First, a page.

College — 19 February 2013
HBCU Journalists Gathered for Student Media Conference at Freedom Forum

By Reginald Stuart

College journalists from historically Black colleges and universities across the South converged on Nashville earlier this month for three days of intense mentoring aimed at boosting their chances of succeeding in the news business.

Student journalists from Fisk and Tennessee State universities were joined by peers and advisers from nearly a dozen other institutions including Hampton, Florida A & M, Prarie View, Kentucky State, Southern and Grambling universities for the annual National HBCU Student News Media Conference. It was held at the John Seigenthaler First Amendment Center.

The Center and the Freedom Forum Diversity Institute hosted the gathering organized by the Black College Communication Association, the national organization of journalism teachers at Historically Black Colleges and Universities (HBCU’s). This was the 15 annual national conference.

Victor Bradley, a Fisk junior and editor of The Fisk Forum, the campus newspaper, echoed other participants when asked his opinions about participating.

Bradley said attending was “most definitely” of value to him as a college newspaper editor. “It was a great shot in the arm,” he said, explaining he learned much from listening to the roster of professionals who volunteered to mentor the students on every aspect of being a journalist. He and others also talked of the value of being able to share experiences with their peers and learn the daily challenges and responsibilities of being a campus paper editor.

Over the course of the conference, the student journalists heard an enlightening talk from journalism legend John Seigenthaler. He spoke on the evolution of the First Amendment, its importance to women and minorities in the past century and the how some modern-day social media practitioners are using the First Amendment as a shield for their legal, yet less than ethical, activities of spreading lies and hurtful information.

WPLN News Director Anita Bugg spoke on the value of radio news. George Walker, staff photographer for The Tennessean, gave the students a special three-hour coaching session on photography. WKRN-TV News Anchor, Anne Holt, offered a reality check talk to the students loaded with practical advice about the hard work involved in building a career and the choices and sacrifices one must make along the way to balance career and family.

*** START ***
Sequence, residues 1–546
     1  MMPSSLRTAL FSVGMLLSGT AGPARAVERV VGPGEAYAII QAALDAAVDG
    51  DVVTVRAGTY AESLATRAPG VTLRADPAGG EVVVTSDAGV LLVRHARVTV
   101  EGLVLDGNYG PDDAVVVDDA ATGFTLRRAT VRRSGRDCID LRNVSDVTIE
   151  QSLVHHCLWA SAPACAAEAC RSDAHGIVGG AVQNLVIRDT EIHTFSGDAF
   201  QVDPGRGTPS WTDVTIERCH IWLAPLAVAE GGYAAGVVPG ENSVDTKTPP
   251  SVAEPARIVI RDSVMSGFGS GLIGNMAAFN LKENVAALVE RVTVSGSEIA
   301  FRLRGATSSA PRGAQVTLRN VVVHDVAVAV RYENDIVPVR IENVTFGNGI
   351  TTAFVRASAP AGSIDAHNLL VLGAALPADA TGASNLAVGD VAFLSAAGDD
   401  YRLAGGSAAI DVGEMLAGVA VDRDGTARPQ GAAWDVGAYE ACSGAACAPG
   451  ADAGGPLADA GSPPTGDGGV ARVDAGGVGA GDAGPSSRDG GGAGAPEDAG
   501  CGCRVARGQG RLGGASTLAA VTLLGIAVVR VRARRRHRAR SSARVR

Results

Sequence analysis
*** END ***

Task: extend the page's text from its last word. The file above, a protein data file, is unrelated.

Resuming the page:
“Give it your best shoot,” Holt told the students after reflecting on the challenges she faced in a career than has spanned more than 30 years. She encouraged them to think out of the box, take on jobs and assignments they may not want and be sure to know what they want out of life and make the tough choices that most certainly will come their way.

“At the end of the day you are the person you have o satisfy,” Holt told the students who swarmed around her with questions after her formal talk ended.

Tennessean political editor Scott Stroud talked of the work involved in putting together special projects, using the papers’ current Civil Rights series as a model. Don Hudson, executive editor of the Decatur (Ala.) Daily newspaper teamed with Lexington (Ky.) Herald-Leader metropolitan editor Delano Massey in back to back sessions on improving writing and reporting skills.

Val, Hoeppner, social media guru at the Freedom Forum Diversity Institute, Nancy DeVille, Tennessean reporter, and reporter Lydia X. McCoy of the Knoxville News-Sentinel provided coaching on internships, how to interview for a first job and preparing winning resumes. They also gave writing critiques of indivudals’ stories. Massey took extensive time for individual newspaper critiques.

The students got solid reminders about the continued importance of the Black press from Nashville publisher Sam Latham and veteran journalist Sandra Long Weaver, editorial consultant to The Tennessee Tribune.

“There’s an opportunity to really have any impact,” Weaver said as she and Latham stressed the importance of the Black news media today, noting the Black press today is often the only news medium that can be relied on to advance some issues of important to Blacks in society.

The students were reminded by veteran journalist Dwight Lewis of how “cool” a journalism career. Lewis recapped highlights of his 40 years in the news business to make his point, describing a journalism career as “a great opportunity to meet people, see things and make a difference.”

Lewis’s message about the importance of the news media in modern-day society was reinforced in talks from Rufus Friday, publisher of the Lexington (Ky. Herald-Leader and Wendi Thomas, columnist and assistant managing editor of The (Memphis) Commercial Appeal morning daily newspaper.

“Our way of life cannot survive without the kind of reporting newspapers provide,” said Friday, noting that regardless of the emergence of one new kind of information medium after the next, people rely on newspapers as the fair and balanced source for information.

“Getting perspectives from the professionals was extremely beneficial,” said Maulana Moore, a junior at Hampton University and editor of The Hampton Script, one of several campus newspapers to win awards for outstanding work. “It’s kind of like going to a revival…,” she said, characterizing the conference sessions as energizing. “This conference allowed me to revitalize my staff and our service to the community.”

A panel of professional journalists around the country judged the work of participating campus newspapers and news Websites, awarding honors in 16 different categories.


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